Barcelona, Spain, has unique architectural wonders, all designed by Antonio Gaudi.
"Gorge in Gaudi's City," that's what a friend had told me. Had she mis-spelt the name `gaudy' and was I in for trouble? I am not really an admirer of flashy and loud places. But then it struck me, she was referring to Antonio Gaudi, the Spanish Catalan architect. One of a kind!I had only heard of Antoni Gaudi, and never really paid attention to his work. A recent trip to Barcelona, Spain, gave me a glimpse of some of his unique architectural wonders. I loved the way he curved out his art.One of the first buildings we saw was La Pedrera (the Catalan word for stone quarry). Gaudi built it between 1906 and 1910. It was simply not what one would normally see in a building - no straight wall or perfectly aligned structures. Yet there was symmetry of thought and a logic, which seemed clear to Gaudi. Our guide drew our attention to the roadside lights and benches near the La Pedrera. On the top one saw intricately designed lights and at the bottom were benches. The zig zag design can take a while for a conventional mind, but there is a certain beauty in it.Another interesting sight was the La Sagrada Familia (The Holy Family), which is a large Roman Catholic basilica, which continues to be under construction. It was Gaudi's dream but he was unable to complete it before his death in 1926. Only two of the 18 towers were constructed at that time, and work on the rest continues till date.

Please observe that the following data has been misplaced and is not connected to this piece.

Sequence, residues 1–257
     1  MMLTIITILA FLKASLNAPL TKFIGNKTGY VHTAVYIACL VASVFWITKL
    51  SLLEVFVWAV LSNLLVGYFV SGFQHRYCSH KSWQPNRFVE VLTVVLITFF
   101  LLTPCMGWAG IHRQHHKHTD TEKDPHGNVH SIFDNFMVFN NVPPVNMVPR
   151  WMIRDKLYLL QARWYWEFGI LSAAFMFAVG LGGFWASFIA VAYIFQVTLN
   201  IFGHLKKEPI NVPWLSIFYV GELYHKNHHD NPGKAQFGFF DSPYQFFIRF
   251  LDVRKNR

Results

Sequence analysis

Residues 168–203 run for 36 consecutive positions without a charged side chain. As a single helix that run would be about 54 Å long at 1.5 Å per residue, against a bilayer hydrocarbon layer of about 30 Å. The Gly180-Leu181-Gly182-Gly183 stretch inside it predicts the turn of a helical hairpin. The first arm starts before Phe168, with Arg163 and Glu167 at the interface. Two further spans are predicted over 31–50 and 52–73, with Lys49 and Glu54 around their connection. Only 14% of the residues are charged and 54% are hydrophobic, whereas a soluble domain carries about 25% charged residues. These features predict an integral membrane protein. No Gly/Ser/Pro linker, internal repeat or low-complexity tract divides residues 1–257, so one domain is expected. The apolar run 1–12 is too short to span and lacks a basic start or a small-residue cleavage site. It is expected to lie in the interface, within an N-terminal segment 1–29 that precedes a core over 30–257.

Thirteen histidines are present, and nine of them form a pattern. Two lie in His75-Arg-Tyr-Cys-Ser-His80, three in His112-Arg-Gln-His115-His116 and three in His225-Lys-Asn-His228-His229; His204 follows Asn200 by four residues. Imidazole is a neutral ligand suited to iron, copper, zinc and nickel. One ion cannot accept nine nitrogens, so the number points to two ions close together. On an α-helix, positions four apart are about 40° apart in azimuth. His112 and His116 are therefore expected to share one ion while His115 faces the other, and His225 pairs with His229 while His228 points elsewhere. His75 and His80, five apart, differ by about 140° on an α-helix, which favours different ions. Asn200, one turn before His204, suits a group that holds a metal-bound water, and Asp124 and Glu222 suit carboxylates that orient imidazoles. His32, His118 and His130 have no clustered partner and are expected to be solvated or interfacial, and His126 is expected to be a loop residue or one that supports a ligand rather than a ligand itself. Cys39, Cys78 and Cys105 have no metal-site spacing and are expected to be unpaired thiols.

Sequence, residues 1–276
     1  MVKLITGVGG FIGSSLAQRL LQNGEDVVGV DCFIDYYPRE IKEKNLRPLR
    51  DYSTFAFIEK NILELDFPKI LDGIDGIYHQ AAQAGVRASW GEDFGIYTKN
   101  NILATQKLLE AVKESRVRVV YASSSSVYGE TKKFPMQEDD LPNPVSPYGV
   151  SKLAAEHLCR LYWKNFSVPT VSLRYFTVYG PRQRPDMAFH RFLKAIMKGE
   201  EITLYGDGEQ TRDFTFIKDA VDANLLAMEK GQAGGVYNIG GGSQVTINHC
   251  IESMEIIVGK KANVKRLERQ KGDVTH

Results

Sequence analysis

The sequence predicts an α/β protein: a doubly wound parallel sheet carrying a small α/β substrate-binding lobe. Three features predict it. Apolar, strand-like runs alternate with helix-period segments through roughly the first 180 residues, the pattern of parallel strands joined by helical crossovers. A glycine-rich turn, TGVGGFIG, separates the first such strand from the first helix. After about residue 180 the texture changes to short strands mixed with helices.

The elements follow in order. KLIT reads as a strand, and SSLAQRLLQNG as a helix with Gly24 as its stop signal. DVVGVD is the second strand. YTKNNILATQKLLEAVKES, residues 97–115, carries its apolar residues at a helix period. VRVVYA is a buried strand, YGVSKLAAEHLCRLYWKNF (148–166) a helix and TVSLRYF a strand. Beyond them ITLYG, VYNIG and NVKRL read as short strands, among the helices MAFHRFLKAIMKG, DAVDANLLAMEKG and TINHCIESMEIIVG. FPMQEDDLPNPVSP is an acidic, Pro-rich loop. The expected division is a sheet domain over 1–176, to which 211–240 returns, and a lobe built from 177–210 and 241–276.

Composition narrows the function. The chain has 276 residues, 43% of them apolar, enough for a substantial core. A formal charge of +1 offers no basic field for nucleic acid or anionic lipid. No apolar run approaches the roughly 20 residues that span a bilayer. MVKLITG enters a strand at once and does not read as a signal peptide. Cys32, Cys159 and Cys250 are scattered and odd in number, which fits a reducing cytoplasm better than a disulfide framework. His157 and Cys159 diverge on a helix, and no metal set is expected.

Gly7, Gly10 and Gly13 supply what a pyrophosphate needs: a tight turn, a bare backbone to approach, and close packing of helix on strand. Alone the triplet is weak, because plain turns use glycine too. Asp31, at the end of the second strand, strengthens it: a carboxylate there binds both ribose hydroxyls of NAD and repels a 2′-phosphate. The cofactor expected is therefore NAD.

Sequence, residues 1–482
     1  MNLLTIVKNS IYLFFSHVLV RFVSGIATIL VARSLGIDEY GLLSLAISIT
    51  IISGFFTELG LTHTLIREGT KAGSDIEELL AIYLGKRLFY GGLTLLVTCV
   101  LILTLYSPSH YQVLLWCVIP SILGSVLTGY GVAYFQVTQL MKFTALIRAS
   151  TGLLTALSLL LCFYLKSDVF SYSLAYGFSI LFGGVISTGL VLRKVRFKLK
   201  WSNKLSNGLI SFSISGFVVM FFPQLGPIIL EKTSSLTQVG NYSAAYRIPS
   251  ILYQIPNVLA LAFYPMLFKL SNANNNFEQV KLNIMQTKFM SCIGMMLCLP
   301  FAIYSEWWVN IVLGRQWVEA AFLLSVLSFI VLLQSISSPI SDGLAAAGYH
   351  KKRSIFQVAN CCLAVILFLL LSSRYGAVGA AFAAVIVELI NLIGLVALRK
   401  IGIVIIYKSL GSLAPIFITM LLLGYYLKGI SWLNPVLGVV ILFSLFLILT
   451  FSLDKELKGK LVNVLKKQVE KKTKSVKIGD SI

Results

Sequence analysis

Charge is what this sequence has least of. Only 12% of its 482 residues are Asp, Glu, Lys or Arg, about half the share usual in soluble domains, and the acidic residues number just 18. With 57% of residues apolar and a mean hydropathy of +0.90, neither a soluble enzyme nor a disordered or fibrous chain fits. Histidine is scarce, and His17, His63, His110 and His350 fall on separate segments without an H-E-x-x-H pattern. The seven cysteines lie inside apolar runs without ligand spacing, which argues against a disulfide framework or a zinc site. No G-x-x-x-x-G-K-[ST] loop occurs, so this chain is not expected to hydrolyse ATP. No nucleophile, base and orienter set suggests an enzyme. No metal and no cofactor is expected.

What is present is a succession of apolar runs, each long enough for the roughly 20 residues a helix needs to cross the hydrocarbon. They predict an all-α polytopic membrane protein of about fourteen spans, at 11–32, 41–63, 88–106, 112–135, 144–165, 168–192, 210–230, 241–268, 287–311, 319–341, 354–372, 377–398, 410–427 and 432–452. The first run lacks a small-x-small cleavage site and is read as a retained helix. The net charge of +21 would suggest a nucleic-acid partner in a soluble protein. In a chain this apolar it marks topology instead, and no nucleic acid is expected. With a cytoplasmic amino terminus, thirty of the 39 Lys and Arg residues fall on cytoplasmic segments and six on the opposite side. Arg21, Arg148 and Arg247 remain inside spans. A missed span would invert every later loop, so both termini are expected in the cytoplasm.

What fascinated me most about Gaudi was that he drew his inspiration from nature. It was something that touched me, as I too, draw a lot of strength from nature. I realised nothing in nature is in tune with conventional geometrical shapes. Perhaps that's why Gaudi's creations were based on angles and curves that can be found in the trees, rivers, seas and other elements. The rest of our stay in Barcelona was spent looking for Gaudi - his expression and his art in various nooks and corners of the city. I knew I missed out a lot including the Park Güell, in the northern part of the city.I was reminded of Ayn Rand's The Fountainhead, which is the story of Howard Roark, a brilliant architect who dares to stand alone and defy the conventional methodologies and ultimately finds a niche for himself. In life, there are many of us who give up on our beings, our ways of working, just because they don't conform to what is meant to be. A glimpse of Gaudi reminded me that the world can be discovered differently, inspiration can be unconventional, and dreams realised even in defiance.